Very few people come out of a divorce without some financial impact. Any time the same income must stretch over two households instead of one, both parties will experience some adjustments to their finances.
What the courts want to make sure of is that one of you doesn’t experience a significant drop in income while the other party receives an unfair financial advantage. Under these circumstances, spousal support may be appropriate.
How do the courts come up with the amount needed?
Of course, the first hurdle for anyone requesting spousal support is to prove a need exists. After you show that you do not earn enough to support yourself without help, the court will then assess how much you need in order to make up for the difference between what you bring in and what you need for support. Below are generalities regarding what the law says about amount and how long you will receive spousal support:
- You could receive either up to 20% of your former spouse’s gross income or $5,000, whichever is less.
- If you or one of your children who resides primarily with you has a disability, you could receive spousal support indefinitely since your need may not end.
- If you were married for at least 30 years, you could receive alimony for up to 10 years.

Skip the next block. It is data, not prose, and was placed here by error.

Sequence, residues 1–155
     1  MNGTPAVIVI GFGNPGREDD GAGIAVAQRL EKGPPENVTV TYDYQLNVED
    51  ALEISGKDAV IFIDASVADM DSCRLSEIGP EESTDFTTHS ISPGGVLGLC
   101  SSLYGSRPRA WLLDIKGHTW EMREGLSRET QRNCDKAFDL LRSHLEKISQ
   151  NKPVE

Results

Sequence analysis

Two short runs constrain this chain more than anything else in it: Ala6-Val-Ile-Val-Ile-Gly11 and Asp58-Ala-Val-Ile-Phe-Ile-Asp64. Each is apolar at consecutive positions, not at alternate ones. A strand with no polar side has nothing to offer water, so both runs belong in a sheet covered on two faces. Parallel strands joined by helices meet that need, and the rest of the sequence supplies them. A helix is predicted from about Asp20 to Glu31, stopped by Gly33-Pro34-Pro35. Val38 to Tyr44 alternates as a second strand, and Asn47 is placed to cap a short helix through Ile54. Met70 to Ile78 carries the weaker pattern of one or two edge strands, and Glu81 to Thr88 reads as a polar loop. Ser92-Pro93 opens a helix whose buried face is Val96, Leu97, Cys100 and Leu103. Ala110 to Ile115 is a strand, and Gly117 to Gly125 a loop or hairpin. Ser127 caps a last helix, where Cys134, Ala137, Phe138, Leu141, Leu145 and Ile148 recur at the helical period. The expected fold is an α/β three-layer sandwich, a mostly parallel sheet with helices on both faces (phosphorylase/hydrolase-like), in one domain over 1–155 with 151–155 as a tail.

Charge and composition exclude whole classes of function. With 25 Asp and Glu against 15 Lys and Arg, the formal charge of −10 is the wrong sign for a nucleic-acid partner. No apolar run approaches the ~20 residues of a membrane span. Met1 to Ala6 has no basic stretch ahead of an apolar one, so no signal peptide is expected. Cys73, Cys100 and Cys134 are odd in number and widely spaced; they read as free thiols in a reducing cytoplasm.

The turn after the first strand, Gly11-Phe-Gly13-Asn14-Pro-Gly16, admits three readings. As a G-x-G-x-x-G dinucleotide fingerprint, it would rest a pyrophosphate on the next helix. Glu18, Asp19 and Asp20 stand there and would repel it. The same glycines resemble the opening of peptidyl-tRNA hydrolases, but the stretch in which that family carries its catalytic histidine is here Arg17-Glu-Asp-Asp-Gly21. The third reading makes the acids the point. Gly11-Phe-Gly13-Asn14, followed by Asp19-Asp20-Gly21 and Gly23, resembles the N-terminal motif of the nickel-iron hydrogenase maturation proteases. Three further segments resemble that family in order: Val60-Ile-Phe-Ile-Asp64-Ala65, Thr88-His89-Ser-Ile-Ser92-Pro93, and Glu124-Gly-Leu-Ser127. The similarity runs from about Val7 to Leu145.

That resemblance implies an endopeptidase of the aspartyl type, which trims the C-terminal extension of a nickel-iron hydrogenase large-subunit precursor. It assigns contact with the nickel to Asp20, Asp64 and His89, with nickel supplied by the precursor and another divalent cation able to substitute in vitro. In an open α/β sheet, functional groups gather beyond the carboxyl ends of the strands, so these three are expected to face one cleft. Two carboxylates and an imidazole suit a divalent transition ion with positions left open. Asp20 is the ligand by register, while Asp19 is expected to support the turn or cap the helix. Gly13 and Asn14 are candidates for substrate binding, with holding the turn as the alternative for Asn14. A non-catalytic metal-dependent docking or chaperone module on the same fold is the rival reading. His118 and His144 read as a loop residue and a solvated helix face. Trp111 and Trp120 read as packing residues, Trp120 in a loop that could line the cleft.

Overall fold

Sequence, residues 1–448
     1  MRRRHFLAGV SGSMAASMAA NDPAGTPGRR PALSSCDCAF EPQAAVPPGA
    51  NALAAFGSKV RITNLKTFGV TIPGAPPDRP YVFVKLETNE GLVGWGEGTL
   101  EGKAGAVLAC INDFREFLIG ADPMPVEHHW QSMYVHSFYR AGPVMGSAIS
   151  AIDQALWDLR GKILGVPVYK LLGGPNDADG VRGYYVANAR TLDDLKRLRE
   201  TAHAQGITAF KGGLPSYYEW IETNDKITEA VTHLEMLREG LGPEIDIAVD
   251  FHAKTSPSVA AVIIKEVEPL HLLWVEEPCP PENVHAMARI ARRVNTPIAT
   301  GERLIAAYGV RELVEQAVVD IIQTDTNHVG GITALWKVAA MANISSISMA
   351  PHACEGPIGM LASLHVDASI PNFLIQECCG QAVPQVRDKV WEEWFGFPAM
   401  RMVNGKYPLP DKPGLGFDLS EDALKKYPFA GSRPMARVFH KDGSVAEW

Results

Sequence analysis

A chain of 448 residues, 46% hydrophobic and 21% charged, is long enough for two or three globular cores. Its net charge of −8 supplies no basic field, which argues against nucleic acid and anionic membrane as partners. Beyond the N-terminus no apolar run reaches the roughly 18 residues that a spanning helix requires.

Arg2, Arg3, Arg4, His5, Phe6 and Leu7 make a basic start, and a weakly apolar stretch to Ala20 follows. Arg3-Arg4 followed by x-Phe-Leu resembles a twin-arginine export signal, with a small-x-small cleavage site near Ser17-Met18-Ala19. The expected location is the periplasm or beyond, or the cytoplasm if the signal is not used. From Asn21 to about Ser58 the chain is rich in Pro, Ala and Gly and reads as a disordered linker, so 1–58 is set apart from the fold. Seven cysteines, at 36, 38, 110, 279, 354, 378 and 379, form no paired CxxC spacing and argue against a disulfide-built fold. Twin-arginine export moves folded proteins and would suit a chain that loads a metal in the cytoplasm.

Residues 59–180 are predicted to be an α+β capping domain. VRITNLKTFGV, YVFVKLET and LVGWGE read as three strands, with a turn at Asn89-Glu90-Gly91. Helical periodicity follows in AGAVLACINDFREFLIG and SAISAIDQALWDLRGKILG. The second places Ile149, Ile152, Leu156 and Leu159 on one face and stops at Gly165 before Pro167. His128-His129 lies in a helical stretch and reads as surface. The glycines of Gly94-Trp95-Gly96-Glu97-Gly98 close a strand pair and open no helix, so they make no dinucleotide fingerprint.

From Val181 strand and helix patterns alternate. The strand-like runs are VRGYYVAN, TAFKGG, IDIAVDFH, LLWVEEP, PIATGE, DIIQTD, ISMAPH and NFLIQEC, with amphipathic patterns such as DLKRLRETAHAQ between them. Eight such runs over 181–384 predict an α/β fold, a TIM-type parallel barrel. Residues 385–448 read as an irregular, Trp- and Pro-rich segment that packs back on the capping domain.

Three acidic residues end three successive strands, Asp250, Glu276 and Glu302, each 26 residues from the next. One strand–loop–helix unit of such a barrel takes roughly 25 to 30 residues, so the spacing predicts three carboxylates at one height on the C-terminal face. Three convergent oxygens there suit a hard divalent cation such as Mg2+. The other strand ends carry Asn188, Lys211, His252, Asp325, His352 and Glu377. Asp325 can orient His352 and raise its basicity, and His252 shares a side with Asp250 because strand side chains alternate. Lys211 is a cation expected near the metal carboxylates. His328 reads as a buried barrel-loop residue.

- If you were married between 20 and 30 years, your alimony will more than likely end after a maximum of seven years.
- If your marriage lasted between 10 and 20 years, you may receive spousal support for up to five years.
- If your spouse was abusive and you were married less than 10 years, you could receive alimony for no more than five years.
Within the confines of these limits, you and your future former spouse may not agree on duration and amount. If that happens, you will need to present evidence to the court to support your position, whether you are the one needing spousal support or the one who may end up paying it.
You don’t have to go it alone
Nothing less than your financial future is at stake regardless of which side of the issue you are on, so it would be wise to enlist some experienced legal assistance for help. An attorney knowledgeable in Texas law will provide you with an understanding of your rights and an explanation of what you face, along with your legal options.